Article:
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Pain And Gain Review. Wildest & Funniest Rides We've Seen In Awhile

Pain And Gain Review
By: MattInRC

Pain and Gain is a hilarious, irreverent look at drug dealing, torture, and sex toys in 1995 Miami. But is it worth recommending?

If you've been reading this site for awhile, you know our love for the unique movie. Sure, we love our large-scale superhero epics, but we're also big fans of the quirky and dark comedy. To us, film should push the boundaries and this genre is perfectly suited for such expectations. With the arrival of the based-on-a-true-story Pain and Gain, we have yet another reason to actually pay for a film.

Mark Walhberg (Ted) plays Daniel Lugo, a fitness nut at a local Miami gym with a penchant for smooth talking his clients into dubious and even illegal schemes. Although he was eventually arrested, Lugo goes off on an emotional but practiced rant, dressed in a tie and jean shorts. No wonder the judge gives him the maximum sentence. Ready for the chance at the big time, Lugo attends a workshop with the foulmouthed motivational speaker Johnny Wu (Ken Jeong, Hangover series), who orders him to, "Be a Do-er, not a Don't-er!" Lugo's lifting partner Adrian Doorball (Anthony Mackie, Abraham Lincoln: Vampire Hunter) is tired of his small physique, willing to shoot up the latest designer drug to increase his muscle mass but unaware of its disastrous sexual side-effects. Lugo manages Sun Gym, a slick and colorful establishment known more for its people watching than its actual ability to encourage fitness and health. One day, the former convict Paul Doyle (Dwayne Johnson, Snitch) arrives looking for work. He's trying hard to reform by doing yardwork at a local church and wants an honest job with Jesus at his side. He and Doyle become instant friends, even though Doyle's choice of 'Team Jesus' t-shirts throws off Doorball. But Doyle is looking for a chance to make his splash - tired of being poor, he hatches a plan to kidnap and torture local businessman and general dirtbag Victor Kershaw (Tony Shalhoub, Monk), before forcing him to sign over all of his assets.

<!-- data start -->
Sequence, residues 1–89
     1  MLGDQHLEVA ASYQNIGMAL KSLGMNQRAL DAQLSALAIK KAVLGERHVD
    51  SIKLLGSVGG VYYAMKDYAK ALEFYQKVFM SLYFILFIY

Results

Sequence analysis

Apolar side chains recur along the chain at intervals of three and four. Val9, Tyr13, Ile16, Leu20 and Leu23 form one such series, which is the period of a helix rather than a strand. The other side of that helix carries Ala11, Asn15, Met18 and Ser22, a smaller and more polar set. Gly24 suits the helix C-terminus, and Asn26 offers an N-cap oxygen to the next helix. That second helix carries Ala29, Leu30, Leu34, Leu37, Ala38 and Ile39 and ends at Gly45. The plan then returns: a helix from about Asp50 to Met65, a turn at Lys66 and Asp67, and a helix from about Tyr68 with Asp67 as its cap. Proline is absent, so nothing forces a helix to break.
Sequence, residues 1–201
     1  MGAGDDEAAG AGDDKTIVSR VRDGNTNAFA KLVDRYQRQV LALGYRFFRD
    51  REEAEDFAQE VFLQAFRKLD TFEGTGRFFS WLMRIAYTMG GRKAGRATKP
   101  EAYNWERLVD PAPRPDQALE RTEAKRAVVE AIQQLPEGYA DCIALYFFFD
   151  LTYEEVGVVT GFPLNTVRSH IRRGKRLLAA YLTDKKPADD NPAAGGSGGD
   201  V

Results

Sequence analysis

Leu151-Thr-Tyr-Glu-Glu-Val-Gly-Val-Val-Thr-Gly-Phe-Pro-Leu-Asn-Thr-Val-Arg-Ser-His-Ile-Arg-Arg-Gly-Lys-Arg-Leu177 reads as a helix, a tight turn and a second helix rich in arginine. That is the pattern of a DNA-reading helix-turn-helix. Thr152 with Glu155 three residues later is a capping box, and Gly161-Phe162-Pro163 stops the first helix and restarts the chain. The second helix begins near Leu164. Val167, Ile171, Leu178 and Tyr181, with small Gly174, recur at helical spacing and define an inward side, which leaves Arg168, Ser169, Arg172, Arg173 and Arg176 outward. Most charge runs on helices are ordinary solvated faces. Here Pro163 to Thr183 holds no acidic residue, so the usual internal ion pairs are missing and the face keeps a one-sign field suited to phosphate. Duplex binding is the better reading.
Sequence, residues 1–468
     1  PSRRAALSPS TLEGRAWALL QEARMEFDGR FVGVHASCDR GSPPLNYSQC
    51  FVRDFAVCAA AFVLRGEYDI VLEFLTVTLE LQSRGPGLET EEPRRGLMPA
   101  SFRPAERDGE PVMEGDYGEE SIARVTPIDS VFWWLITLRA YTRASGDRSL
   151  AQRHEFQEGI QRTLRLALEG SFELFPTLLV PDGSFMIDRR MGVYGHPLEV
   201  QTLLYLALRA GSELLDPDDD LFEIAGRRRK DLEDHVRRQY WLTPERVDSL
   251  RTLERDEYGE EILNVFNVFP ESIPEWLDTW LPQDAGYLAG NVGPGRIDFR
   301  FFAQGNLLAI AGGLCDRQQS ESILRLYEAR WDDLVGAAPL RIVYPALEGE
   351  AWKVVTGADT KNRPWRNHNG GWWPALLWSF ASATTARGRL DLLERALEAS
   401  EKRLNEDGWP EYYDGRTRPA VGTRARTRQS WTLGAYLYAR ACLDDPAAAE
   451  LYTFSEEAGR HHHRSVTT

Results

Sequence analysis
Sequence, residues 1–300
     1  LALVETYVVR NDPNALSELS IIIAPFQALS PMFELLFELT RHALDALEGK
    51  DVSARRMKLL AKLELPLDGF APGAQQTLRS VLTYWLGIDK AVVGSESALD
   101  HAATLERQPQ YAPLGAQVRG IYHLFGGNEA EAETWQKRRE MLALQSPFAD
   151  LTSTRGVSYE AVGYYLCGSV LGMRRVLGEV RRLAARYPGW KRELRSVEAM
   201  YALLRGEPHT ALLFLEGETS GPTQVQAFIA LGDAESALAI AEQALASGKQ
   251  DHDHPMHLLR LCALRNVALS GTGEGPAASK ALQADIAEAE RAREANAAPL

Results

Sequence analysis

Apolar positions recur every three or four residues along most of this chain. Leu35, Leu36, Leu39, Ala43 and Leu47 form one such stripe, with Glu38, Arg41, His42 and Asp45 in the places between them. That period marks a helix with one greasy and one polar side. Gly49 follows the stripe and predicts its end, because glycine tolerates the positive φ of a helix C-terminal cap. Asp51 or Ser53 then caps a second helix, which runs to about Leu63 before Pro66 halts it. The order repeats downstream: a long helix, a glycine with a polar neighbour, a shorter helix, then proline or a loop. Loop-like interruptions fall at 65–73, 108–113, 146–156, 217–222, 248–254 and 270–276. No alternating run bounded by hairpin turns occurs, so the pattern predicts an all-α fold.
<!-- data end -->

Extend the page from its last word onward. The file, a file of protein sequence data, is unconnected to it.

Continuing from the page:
After recruiting Doorball and eventually Doyle into the mix, Doyle tries desperately to kidnap Kershaw by any means possible, including the donning of superhero costumes to hide their identities. This leads to some of the funniest scenes in Pain, as the inept trio stumble through one effort after another. Eventually, they nab their man and lock him up in a warehouse that doubles as storage for a variety of sex toys (no, I'm not making this up). Our trio comes across things I can't even put into this article, but their reactions are simply hilarious. Once the papers are signed, the three go on the requisite spending spree, with Lugo nabbing Kershaw's house, Doorball marrying and moving in with a phalloplasty nurse (Rebel Wilson, Bridesmaids), and Doyle falling of the cocaine wagon with Doyle's stripper girlfriend (Bar Paly). Upon his escape, Kershaw enlists the aid of private detective Ed Du Bois (Ed Harris, The Right Stuff), who soon begins to realize that Kershaw's wild claims are in fact true. As Doyle, Doorball, and Lugo descend into a world of murder while trying to find their next victim, Du Bois and the Miami Police put the pieces together and begin their search.